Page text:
In the wide valleys and rolling hills of Tajikistan, where apricot blossoms paint the landscape in hues of pink and white, a remarkable transformation is underway. Supported by the USAID-funded Market Driven Rural Development (MDRD) Activity, local grafting and pruning groups, many of them family-based, are mastering the art of tree care. Their endeavors aim not only to boost yields and ensure sustainable agricultural practices but also to bring profound changes in orchard management.

Overcoming Obstacles

For far too long, we’ve faced the tough reality of limited job options close to home. We’re now seeing firsthand how grafting and pruning are breathing new life into our orchards. Not only does this mean we can earn a living while being close to our families, but it also ensures that our communities thrive right here at home. Job-seeking migration to Russia is no longer a choice for us,” shares Ahmad Zohidov, a grafting group leader from Isfara championing the cause for change already for almost a decade.

Grafting group leader Ahmad Zohidov.

Tajikistan’s orchard farmers have long grappled with challenges stemming from outdated techniques, limited resources, and a lack of knowledge about innovative practices. The allure of migration to Russia has been a common pursuit for men seeking employment opportunities. However, this path sometimes leads to deportation and a struggle to find stable work upon returning home. Servicing orchards is a rare option in their communities, providing opportunities for men to earn a livelihood closer to home.

In Isfara and Asht, the epicenters of apricot orchards in Central Asia, the pruning and grafting groups play a crucial role in treating and shaping trees, improving germination, and introducing new varieties. Removing the constraints they face will empower them to provide better services and increase the sector’s productivity.

Cultivating a New Culture

In September 2023, right before the winter tree care season, MDRD provided cost-sharing support assisting predominantly family-based harvesting groups in acquiring 40 high-quality grafting and pruning tools from the United States. The tools are completely new to the Tajikistan market, allowing for safer pruning and grafting of trees, improving the quality while expediting the work process by being easier to manage. Embracing innovation, farmers eagerly adopted these tools, recognizing their potential to drive significant improvements in orchard management.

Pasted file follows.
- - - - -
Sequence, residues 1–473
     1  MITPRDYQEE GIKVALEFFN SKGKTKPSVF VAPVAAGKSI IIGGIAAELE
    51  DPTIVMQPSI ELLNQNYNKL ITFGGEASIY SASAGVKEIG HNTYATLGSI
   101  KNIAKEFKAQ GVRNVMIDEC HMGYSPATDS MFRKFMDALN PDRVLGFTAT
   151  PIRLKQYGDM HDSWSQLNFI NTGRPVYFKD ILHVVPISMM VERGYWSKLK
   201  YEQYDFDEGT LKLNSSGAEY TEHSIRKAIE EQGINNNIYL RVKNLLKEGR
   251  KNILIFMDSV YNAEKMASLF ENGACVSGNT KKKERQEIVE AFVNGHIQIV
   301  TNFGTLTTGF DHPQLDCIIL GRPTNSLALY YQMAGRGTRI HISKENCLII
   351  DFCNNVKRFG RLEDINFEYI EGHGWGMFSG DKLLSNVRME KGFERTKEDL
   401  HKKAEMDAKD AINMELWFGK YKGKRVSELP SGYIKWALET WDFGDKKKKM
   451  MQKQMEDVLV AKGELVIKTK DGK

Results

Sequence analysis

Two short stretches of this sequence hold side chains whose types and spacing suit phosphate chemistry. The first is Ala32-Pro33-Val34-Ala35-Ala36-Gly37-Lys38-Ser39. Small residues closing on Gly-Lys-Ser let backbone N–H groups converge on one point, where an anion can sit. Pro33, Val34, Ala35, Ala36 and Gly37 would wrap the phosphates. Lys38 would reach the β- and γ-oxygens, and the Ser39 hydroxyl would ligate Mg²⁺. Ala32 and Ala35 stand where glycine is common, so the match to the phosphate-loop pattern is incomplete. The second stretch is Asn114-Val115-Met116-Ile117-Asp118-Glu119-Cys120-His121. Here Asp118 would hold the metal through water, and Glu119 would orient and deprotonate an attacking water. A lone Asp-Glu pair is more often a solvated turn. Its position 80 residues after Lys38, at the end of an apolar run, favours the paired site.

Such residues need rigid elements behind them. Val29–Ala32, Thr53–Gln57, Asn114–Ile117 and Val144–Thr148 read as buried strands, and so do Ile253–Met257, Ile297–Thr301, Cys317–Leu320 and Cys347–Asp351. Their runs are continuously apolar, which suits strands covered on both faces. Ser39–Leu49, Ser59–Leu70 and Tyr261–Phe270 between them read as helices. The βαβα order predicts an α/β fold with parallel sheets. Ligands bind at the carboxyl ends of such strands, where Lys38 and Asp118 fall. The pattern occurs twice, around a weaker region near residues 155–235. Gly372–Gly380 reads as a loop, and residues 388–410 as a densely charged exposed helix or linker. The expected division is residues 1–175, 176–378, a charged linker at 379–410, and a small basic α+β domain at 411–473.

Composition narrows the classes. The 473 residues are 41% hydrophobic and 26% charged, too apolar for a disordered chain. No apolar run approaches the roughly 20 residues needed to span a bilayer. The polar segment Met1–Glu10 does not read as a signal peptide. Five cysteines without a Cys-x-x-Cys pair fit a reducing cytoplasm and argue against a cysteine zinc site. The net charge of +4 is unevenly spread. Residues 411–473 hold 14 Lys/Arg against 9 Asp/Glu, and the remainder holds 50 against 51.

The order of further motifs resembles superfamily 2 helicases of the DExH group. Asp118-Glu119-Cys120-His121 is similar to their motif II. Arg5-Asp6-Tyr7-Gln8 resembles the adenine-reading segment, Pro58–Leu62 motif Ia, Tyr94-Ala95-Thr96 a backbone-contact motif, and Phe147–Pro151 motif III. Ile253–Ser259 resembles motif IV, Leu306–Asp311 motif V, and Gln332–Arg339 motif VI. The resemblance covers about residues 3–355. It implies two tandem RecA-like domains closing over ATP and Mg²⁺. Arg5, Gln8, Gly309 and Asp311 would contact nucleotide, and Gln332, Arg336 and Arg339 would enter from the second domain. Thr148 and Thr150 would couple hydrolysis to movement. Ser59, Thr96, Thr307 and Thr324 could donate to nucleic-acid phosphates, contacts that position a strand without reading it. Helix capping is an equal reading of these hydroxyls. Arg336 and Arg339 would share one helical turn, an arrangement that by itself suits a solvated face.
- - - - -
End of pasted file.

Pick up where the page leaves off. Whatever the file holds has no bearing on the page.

“They are the best tools, not available in Tajikistan market at all. They are lighter, sharper, and do not make us feel tired. Thanks to our new tools, our efficiency has tripled. What once took us three days, we now accomplish in just one”, Ahmad expresses his delight.

This improvement in quality and accelerated pace of work has attracted more clients as well.

Ahmad adds: “These days, work orders come in nearly every day, even from neighboring districts. In past seasons, we typically pruned 30-40 hectares of orchards, but this winter, we’ve tackled already nearly 80 hectares.”

These pruning tools have left a long-lasting impact on their work.

Said Zohidov

“MDRD didn’t just give us tools; they gave us hope and a vision for a better future,” says Ahmad’s son, Said Zohidov, witnessing the transformation firsthand.

Growing Knowledge and Skills

However, tools alone are not enough. Investing in comprehensive training programs led by seasoned experts, including American professors, has been integral. From mastering pruning techniques to learning the art of grafting, farmers have embraced learning with enthusiasm and determination.

“The training we received wasn’t just about farming; it was about empowerment. It equipped us with the skills and knowledge needed to maximize the potential of grafting and pruning,” reflects Ibodat Nusarova, a family-based grafting group chief in Asht.

Grafting group chief Ibodat Nusarova.

A Brighter Future for Agriculture and Families

With the adoption of modern tools and techniques, these groups have experienced a noticeable and sustained increase in their income.

However, the impact of MDRD’s intervention extends beyond individuals, breathing new life into rural economies and fostering resilience within communities. The results have been transformative, with orchards now flourishing with renewed vitality. Increased productivity, improved crop quality, and expanded market access have become the new norm.

As the sun sets over the apricot orchards of Tajikistan, a new chapter unfolds: this story spreads and serves as a powerful testament to the importance of modern agricultural practices in driving sustainable development and economic growth.

Learn more about the Market Driven Rural Development Activity.

Learn more about our work in Tajikistan.